Table 2

Potential Impact of Process Arbitrage for Selected Tasks on Quality and Costs in a Pancreatic Multidisciplinary Clinic

Table 2

Multidisciplinary care confers many benefits to patients and their caregivers. Our experience reveals that patients take comfort in knowing that multiple physicians are discussing their case thoroughly. At the facility level, myriad challenges exist, but these are surmountable with thoughtful operational strategies. With robust clinical practice guidelines such as those offered by NCCN, implementing multidisciplinary care is made even easier for some cancers through standardization. More objective research is needed to assess the true effect of multidisciplinary cancer care on clinical outcomes, costs, and patient and provider satisfaction. After standards are developed for measuring outcomes associated with operational care models, the quality, efficiency, and safety of multidisciplinary cancer care should only improve.

Figure 1
Figure 1

The 4 Ps of efficiency in multidisciplinary care models. The 4 levels represent essential elements of an efficient multidisciplinary clinic. Each level buttresses the one above; for example, selecting an appropriate patient population (b) is required before predicting expected resource needs on clinic day (c). a) Process: Define, map, and systematize the patient triage process, assigning roles to staff as appropriate. To maximize valuable clinician time, staff can be assign tasks for which they have a comparative advantage. b) Population: Pre-select patient populations are more likely to benefit from care by multiple specialists. These patients are not necessarily later stage, but those with complex comorbidities, equivocal disease presentations, or diagnostic uncertainties. c) Prediction: Determine the unique resource needs of each patient prior to clinic day. While this task may seem daunting, we are studying predictive algorithms for resource needs based on key elements in patients' medical history. d) Portability: Staff a clinic coordinator to manage real-time changes in expected task requirements, moving key staff where they are needed. The coordinator can also play a role in maintaining patient follow-up.

Citation: Journal of the National Comprehensive Cancer Network J Natl Compr Canc Netw 11, 6; 10.6004/jnccn.2013.0090

References

  • 1

    GogineniKArmstrongK. Appointment access for new cancer patients [abstract]. J Clin Oncol2011;29(Suppl):Abstract 6128.

  • 2

    GardnerTBBarthRJBoulayBR. Effect of initiating a multidisciplinary care clinic on access and time to treatment in patients with pancreatic adenocarcinoma. J Oncol Pract2010;6:288-292.

    • Search Google Scholar
    • Export Citation
  • 3

    GabelMHiltonNENathansonSD. Multidisciplinary breast cancer clinics: do they work?Cancer1997;79:2380-2384.

  • 4

    NewmanEAGuestABHelvieMA. Changes in surgical management resulting from case review at a breast cancer multidisciplinary tumor board. Cancer2006;107:2346-2351.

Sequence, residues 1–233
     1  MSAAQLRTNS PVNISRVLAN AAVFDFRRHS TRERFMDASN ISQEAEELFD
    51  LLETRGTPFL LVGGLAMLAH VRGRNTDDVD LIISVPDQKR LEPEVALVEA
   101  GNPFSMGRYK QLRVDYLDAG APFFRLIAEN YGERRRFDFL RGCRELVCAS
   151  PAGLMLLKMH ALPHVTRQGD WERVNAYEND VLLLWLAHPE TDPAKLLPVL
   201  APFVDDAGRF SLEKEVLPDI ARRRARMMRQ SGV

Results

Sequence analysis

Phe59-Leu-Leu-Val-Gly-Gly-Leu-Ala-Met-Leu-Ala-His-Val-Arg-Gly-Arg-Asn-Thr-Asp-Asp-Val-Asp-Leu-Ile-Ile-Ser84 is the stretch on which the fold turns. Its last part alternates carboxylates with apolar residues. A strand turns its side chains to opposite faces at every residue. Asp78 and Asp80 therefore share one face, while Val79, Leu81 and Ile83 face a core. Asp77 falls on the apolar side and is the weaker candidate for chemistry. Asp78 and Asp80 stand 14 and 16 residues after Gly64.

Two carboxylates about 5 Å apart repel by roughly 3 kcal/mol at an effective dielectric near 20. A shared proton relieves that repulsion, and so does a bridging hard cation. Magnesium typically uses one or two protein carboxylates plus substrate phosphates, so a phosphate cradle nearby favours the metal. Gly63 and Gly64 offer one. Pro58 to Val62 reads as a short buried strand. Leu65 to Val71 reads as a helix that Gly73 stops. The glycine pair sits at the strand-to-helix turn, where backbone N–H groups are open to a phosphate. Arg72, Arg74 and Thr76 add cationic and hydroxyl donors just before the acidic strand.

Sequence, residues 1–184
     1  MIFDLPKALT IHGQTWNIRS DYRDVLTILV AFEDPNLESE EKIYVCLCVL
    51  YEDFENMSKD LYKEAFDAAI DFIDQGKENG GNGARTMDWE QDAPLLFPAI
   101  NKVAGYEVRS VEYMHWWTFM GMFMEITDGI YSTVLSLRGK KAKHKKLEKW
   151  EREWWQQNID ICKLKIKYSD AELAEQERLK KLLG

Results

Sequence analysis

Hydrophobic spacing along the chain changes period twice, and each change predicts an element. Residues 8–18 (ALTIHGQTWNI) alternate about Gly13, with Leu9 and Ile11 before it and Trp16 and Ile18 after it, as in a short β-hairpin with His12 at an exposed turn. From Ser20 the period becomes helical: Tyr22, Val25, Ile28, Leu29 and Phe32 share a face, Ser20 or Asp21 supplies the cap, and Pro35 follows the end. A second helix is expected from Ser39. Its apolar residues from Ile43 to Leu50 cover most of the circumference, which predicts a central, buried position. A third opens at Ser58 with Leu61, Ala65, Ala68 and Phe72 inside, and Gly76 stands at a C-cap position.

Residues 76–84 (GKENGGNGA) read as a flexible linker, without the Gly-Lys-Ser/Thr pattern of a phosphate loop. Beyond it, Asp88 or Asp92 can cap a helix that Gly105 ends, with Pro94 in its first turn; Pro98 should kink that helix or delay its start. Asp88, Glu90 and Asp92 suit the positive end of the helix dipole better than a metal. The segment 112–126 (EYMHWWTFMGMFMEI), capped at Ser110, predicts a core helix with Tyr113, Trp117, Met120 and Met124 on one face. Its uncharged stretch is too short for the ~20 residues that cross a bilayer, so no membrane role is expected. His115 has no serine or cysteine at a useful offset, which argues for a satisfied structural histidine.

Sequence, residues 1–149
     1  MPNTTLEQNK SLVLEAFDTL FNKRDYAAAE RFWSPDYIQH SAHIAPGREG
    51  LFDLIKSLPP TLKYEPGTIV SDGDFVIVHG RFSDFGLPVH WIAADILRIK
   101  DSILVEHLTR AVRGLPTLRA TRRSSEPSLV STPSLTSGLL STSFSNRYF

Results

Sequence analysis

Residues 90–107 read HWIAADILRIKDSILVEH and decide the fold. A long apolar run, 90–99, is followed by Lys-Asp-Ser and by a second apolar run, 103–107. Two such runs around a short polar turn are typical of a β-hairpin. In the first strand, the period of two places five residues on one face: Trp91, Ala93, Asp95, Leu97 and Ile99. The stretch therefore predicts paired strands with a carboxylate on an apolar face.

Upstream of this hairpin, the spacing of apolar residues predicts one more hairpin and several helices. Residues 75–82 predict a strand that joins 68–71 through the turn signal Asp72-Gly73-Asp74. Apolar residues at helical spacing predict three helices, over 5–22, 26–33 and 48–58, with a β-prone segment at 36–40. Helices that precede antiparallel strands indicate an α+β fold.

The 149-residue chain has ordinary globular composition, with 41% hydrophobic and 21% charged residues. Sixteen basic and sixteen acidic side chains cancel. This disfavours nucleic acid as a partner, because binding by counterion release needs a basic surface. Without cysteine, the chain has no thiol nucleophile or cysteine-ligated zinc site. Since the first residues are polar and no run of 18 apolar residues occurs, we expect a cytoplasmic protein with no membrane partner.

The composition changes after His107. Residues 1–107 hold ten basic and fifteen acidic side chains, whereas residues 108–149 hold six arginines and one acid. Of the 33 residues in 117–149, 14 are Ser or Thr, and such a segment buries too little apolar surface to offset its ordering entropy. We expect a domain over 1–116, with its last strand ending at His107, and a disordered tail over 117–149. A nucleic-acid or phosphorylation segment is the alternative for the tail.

• Search Google Scholar
    • Export Citation
  • 5

    PawlikTMLaheruDHrubanRH. Evaluating the impact of a single-day multidisciplinary clinic on the management of pancreatic cancer. Ann Surg Oncol2008;15:2081-2088.

    • Search Google Scholar
    • Export Citation
  • 6

    Newman-TokerDEPronovostPJ. Diagnostic errors: the next frontier for patient safety. JAMA2009;301:1060-1062.

  • 7

    JunorEJHoleDJGillisCR. Management of ovarian cancer: referral to a multidisciplinary team matters. Br J Cancer1994;70:363-370.

  • 8

    SainsburyRHawardBRiderL. Influence of clinician workload and patterns of treatment on survival from breast cancer. Lancet1995;345:1265-1270.

    • Search Google Scholar
    • Export Citation
  • 9

    KatzMHGWangHFlemingJB. Long-term survival after multidisciplinary management of resected pancreatic adenocarcinoma. Ann Surg Oncol2009;16:836-847.

    • Search Google Scholar
    • Export Citation
  • 10

    PerryNBroedersMde WolfC. European guidelines for quality assurance in breast cancer screening and diagnosis: fourth edition—summary document. Ann Oncol200819:614-622.

    • Search Google Scholar
    • Export Citation
  • 11

    TemperoMABehrmanSWBensonABIII. NCCN Clinical Practice Guidelines in Oncology for Pancreatic Adenocarcinoma V.1.2013. Available at: www.nccn.org.

    • Search Google Scholar
    • Export Citation
  • 12

    CooperMNewmanNAIbrahimAM. Unnecessary tests and procedures in patients presenting with solid tumors of the pancreas. J Gastrointest Surg2013; in press.

    • Search Google Scholar
    • Export Citation
  • 13

    National Audit Office. Tackling cancer in England: saving more lives. London: Department of Health; 2004.

  • 14

    TaylorCGrahamJPottsHW. Changes in mental health of UK hospital consultants since the mid-1990s. Lancet2005;366: 742-744.

  • 15

    CattSFallowfieldLJenkinsV. The informational roles and psychological health of members of 10 oncology multidisciplinary teams in the UK. Br J Cancer2005;93:1092-1097.

    • Search Google Scholar
    • Export Citation
  • 16

    ElnahalSMWildATPawlikTM. Patient retention and costs associated with a pancreatic multidisciplinary clinic [abstract]. J Clin Oncol2012;30(Suppl 34):Abstract 96.

    • Search Google Scholar
    • Export Citation
  • 17

    VeluswamyR. Golden nuggets: clinical quality data mining in acute care. Physician Exec2008;34:48-52.

  • 18

    BrennanJMalaspinaMVeluswamyR. A physician partnership: employing predictive modeling and workload analysis for CHF performance improvement. ACPE Update 2012. Available at: http://net.acpe. org/services/2012/Update/09-20/story-1.htm. Accessed May 24 2013.